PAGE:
Agammaglobulinemia is an inherited disorder in which a person has very low levels of protective immune system proteins called immunoglobulins. Immunoglobulins are a type of antibody. Low levels of these antibodies make you more likely to get infections. It is also known as hypogammaglobulinemia.
Agammaglobulinemia is inherited. It is a rare disorder that mainly affects males. It is caused by a gene defect that blocks the growth of normal, mature immune cells called B lymphocytes. As a result, the body makes very fewer immunoglobulins. Immunoglobulins play a major role in the immune response, which protects against illness and infection. Common infections include ones that are due to bacteria such as Haemophilus influenza, pneumococci (Streptococcus pneumonia), and staphylococci. Common sites of infection include:
- Gastrointestinal tract
- Upper Respiratory Tract
In the fetal bone marrow, the first committed cell in B-cell development is the early pro-B cell. These cells develop into late pro–B cells in which rearrangement of the heavy chain genes occurs. When the heavy chain is produced, it is transported to the cell surface. Progression from this late pro–B-cell to the pre–B-cell stage involves the rearrangement and joining of the various segments of the heavy chain genes. The completion of rearrangement of the light and heavy chains and the presence of surface IgM results in the immature B cell, which then leaves the bone marrow.
Increasing expression of IgD in the transitional cells finally results in the mature B cell with IgM and IgD both expressed on their cell surface. The mature B cells circulate between secondary lymphoid organs and migrate into lymphoid follicles of the spleen and lymph nodes in response to further stimuli and various chemokines. T cells stimulate B cells to undergo further proliferation and Ig class switching, leading to the expression of the various isotypes IgG, IgA, or immunoglobulin E (IgE).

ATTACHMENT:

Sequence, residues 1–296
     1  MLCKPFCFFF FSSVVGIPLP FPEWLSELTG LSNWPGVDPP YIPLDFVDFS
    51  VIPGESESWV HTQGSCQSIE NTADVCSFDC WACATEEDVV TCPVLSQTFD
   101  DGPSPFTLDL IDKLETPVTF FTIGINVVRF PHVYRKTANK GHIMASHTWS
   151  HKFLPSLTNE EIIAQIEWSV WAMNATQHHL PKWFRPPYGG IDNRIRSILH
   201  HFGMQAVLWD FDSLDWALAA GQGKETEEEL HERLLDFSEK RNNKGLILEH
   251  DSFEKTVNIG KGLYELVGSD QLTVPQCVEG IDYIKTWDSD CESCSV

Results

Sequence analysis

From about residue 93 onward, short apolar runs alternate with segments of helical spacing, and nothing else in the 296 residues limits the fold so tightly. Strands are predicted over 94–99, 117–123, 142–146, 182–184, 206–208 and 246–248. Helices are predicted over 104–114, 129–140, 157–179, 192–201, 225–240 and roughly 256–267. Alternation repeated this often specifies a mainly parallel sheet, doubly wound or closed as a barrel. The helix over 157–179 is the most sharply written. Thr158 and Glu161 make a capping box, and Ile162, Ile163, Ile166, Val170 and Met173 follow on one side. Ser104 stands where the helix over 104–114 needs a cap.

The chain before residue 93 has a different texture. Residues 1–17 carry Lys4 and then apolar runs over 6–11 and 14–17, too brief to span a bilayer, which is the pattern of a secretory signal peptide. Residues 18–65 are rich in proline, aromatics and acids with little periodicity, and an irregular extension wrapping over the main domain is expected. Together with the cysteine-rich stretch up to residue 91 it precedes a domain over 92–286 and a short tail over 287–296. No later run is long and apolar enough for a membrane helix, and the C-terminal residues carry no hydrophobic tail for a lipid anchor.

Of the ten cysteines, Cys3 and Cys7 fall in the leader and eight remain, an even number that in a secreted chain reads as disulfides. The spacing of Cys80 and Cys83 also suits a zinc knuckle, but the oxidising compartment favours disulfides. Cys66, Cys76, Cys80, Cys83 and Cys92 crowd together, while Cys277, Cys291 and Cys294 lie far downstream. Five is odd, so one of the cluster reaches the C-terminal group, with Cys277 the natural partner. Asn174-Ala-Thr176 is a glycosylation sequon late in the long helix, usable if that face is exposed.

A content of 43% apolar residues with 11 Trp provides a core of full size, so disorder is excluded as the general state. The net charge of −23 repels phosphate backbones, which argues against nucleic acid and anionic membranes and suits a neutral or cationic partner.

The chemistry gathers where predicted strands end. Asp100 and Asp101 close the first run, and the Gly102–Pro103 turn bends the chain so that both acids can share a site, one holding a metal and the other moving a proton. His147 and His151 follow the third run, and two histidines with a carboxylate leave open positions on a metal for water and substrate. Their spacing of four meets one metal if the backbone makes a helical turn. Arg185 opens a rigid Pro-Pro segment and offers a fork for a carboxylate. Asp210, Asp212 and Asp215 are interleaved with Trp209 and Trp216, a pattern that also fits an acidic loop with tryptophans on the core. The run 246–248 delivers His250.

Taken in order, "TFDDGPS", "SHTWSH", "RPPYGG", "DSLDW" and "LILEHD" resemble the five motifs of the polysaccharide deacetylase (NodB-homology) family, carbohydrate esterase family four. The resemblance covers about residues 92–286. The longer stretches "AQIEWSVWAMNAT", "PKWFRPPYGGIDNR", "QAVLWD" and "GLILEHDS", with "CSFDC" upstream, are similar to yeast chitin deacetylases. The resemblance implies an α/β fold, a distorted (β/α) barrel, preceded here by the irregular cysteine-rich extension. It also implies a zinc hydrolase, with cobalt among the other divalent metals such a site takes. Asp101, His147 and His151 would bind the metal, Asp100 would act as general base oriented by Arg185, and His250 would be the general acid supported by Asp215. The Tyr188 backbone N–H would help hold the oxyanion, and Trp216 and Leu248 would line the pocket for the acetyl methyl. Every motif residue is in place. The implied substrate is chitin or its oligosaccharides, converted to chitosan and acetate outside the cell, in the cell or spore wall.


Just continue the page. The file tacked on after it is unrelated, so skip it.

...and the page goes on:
Mutations on Btk components of the pre–B-cell and B-cell receptor (lambdα5, Ig-α, and Ig-β), or the scaffolding protein BLNK account for approximately 90% of defects in early B-cell development.Mutations in Btk result in Bruton agammaglobulinemia.
SIGNS AND SYMPTOMS
- Chronic diarrhoea
- Otitis media
- Skin infections
- Upper respiratory tract infections
- Chronic sinus
- Intestinal malabsorption syndromes
- Antibiotics are often needed to treat bacterial infections.
- Immunoglobulins are given through a vein or by injection to boost the immune system.
- A bone marrow transplant may be considered.
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